Ghanaian US Army Major convicted for smuggling guns to Ghana in barrels of rice and home goods

A federal jury has found US Army Major Kojo Owusu Dartey, who is presently stationed at Fort Liberty, guilty of several counts of illegal firearm dealing, firearm delivery without notification to the carrier, smuggling of goods out of the country, and illegal firearm exportation.

In addition, he was accused of conspiring, making false declarations in court, and lying to a US government agency. When Owusu Dartey, 42, is sentenced on July 23, 2024, he might receive a maximum term of 240 months.

The guns were smuggled into Ghana and hidden within blue barrels of rice and household supplies.

“We are partnering with law enforcement agencies across the globe to expose international criminals – from money launderers to rogue international arms traffickers capable of fueling violence abroad,” said U.S Attorney Michael Easley.

“Through a partnership with Ghanaian officials, this rogue Army Major was convicted at trial after smuggling guns to Ghana in blue barrels of rice and household goods.

“I want to thank the Ghana Revenue Authority and the International Cooperation Unit Office of the Attorney-General of Ghana for their assistance in the investigation. I also commend the Drug Enforcement Administration (DEA) and the Federal Bureau of Investigation (FBI) attachés to U.S. Embassy Accra and the U.S. Department of Justice’s Office of International Affairs of the Department’s Criminal Division for their significant assistance to this prosecution.”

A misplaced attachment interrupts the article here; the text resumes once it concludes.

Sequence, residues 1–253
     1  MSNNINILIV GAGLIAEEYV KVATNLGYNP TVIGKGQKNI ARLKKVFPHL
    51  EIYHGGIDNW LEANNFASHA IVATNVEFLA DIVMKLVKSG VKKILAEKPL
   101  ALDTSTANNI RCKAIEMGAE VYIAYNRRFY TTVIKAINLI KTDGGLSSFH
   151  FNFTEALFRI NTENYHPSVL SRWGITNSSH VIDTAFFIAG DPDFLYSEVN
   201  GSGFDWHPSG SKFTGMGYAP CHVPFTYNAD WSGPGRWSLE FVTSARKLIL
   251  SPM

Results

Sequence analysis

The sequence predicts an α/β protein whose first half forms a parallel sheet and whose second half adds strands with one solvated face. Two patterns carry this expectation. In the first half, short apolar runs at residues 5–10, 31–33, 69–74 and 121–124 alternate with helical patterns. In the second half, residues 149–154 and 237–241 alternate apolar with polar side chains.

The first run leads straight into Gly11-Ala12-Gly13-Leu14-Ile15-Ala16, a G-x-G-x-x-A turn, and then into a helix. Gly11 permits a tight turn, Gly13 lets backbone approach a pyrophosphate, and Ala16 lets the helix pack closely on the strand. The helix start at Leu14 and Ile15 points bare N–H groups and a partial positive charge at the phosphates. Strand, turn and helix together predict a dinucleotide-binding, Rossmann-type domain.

“Far from being a victimless crime, firearms trafficking threatens public safety across our nation and beyond,” said Toni M. Crosby, Special Agent in Charge of the ATF Baltimore Field Division. “The Baltimore Field Division is proud to partner with the Ghana Revenue Authority and ATF’s Charlotte and Louisville Field Divisions for this investigation, which has kept firearms off the streets — preventing them from being used in any number of killings and other crimes — and ended this international firearm trafficking scheme.”

According to court records and evidence presented at trial, between June 28 and July 2, 2021, Dartey purchased seven firearms in the Fort Liberty area and tasked a U.S. Army Staff Sergeant at Fort Campbell, Kentucky, to purchase three firearms there and send them to Dartey in North Carolina.

Dartey then hid all the firearms, including multiple handguns, an AR15, 50-round magazines, suppressors, and a combat shotgun inside blue barrels underneath rice and household goods and smuggled the barrels out of the Port of Baltimore, Maryland, on a container ship to the Port of Tema in Ghana.

The Ghana Revenue Authority recovered the firearms and reported the seizure to the DEA attaché in Ghana and the Bureau of Alcohol, Tobacco, Firearms and Explosives (ATF) Baltimore Field Division. At the same time, Dartey was a witness in the trial of U.S. v. Agyapong.

A case that involved a 16-defendant marriage fraud scheme between soldiers on Fort Liberty and foreign nationals from Ghana that Dartey had tipped off officials to. In preparation for the trial, Dartey lied to federal law enforcement about his sexual relationship with a defence witness and lied on the stand and under oath about the relationship.

Michael Easley, U.S. Attorney for the Eastern District of North Carolina, announced after Chief U.S. District Judge Richard E. Myers II accepted the verdict.

The ATF, Army Criminal Investigation Division and the U.S. Department of Commerce’s Office of Export Enforcement investigated the case.

Assistant U.S. Attorney Gabriel J. Diaz prosecuted it with technical assistance from David Ryan, DOJ Counterintelligence and Export Control Section.

Akosua Boatemaa

I'm Yours Truly, Blogger Akosua Boatemaa. I'm here to feed Your eyes and Ears with Authentic News Updates.

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